Vibrantly decorated figures at The Grand Palace, Bangkok

The recipe I settled on is from the website. I have made a few minor amendments and additions to the ingredients but the method is the same. To see the original click on the website name above. Give it a go and take a trip to the tropics in your own kitchen.

Simmering in the wok

Serves: 4
Preparation time: 30 minutes
Cooking time: 40/50 minutes
400g chicken pieces OR chopped chicken breast/thigh
2 medium potatoes, cut into chunks
1 x 400ml coconut milk
1 small red pepper, thinly sliced
1 small yellow pepper, thinly sliced
2 medium tomatoes, roughly chopped
2 tbsp vegetable oil
I medium onion, thinly sliced
2 star anise
1 cinnamon stick
1 thumb sized piece ginger, finely grated
3/4 cloves garlic, crushed
1 red chili, de-seeded and finely chopped
200ml chicken stock
1 stalk lemongrass, bashed a few times to release the aromas and oils
3 bay leaves
1 tsp turmeric
100g chopped unsalted dry-roasted cashews plus extra to garnish
1 tsp ground coriander
1 tsp whole cumin seed
½ tsp white pepper
1/8 tsp cardamom
1 tsp tamarind paste
¾  tsp shrimp paste
2 tbsp fish sauce
1 tbsp palm sugar OR brown sugar

  1. Heat a wok, large frying pan, or soup-type pot over medium-high heat. Drizzle in the oil and swirl around, then add the onion, ginger, garlic, and chili. Stir-fry 1-2 minutes to release the fragrance.
  2. Add the stock plus the following: lemongrass, bay leaves, turmeric, chopped cashews, ground coriander, whole cumin seed, white pepper, cardamom, tamarind paste (or lime juice), shrimp paste, fish sauce, and sugar. Stir with each addition and bring to a light boil.
  3. Add the chicken, stirring to coat with the spicy liquid, then add the coconut milk, star anise, cinnamon stick and potatoes. Stir and bring back up to a boil. Reduce heat to low, or just until you get a good simmer.
  4. Simmer 30 to 40 minutes, stirring occasionally, until chicken and potatoes are tender. Add red and yellow peppers and tomato during last 10-15 minutes of cooking time. Tip: if you prefer a more liquid curry sauce, cover while simmering. If you prefer a thicker curry sauce, leave off lid.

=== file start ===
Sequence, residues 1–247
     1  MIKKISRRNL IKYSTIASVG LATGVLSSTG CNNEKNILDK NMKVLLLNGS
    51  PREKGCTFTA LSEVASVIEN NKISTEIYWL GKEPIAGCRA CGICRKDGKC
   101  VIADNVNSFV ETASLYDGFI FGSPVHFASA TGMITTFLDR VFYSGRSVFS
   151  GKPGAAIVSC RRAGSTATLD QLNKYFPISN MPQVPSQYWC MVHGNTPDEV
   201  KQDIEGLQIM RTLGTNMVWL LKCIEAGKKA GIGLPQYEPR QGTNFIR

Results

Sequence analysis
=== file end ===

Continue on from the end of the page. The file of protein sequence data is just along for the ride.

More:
5. Taste-test the curry, adding more fish sauce for increased flavour/saltiness, or more chili if you want it spicier. If too sour, add a little more sugar. If too salty or sweet for your taste, add a touch more tamarind or lime juice. If too spicy, add more coconut milk.
  6. Add a handful more cashews and fold in. Top with fresh coriander, if desired, and serve with Jasmine Rice.
The finished dish

Tuesday, 3 June 2014

A New Love

I have a new love. Dark, good looking and rather luscious. It may sound like Jonny Depp and what woman wouldn’t love him but no this is a ham recipe.   To be exact, a Nigella Lawson recipe for Coca Cola ham. My friend Glenn has been making it for months and putting mouthwatering pics on Facebook. Eventually I got round to giving it a go and I was hooked. Because the meat is simmered for a couple of hours and then glazed and roasted in a hot oven it becomes sweet, juicy and melts in the mouth.

Now a top of the range gammon joint is fairly expensive but because of the cooking method you can use a much cheaper one. Personally I buy a 900g unsmoked bacon joint from Morrison’s for a mere £4 which feeds two of us very well over two meals, with enough left over for a sandwich. Bargain!


As most of you know, I am not one to religiously follow a recipe, well maybe the first time of cooking it but then I like to fiddle and introduce methods and ingredients of my own. For one thing, I hate, nay loath salty food, so prior to adding the cola I will simmer the joint in plain old tap water for about 45 minutes, then drain. Instead of using full fat Coca Cola, (other brands are available but don’t seem to work as well), I use full fat Cherry Coca Cola as it seems to add another layer to the flavour and sweetness.  In addition to the onion in the recipe I also add two crushed cloves of garlic and two star anise. I'm not keen on cloves so I leave those out of the glaze.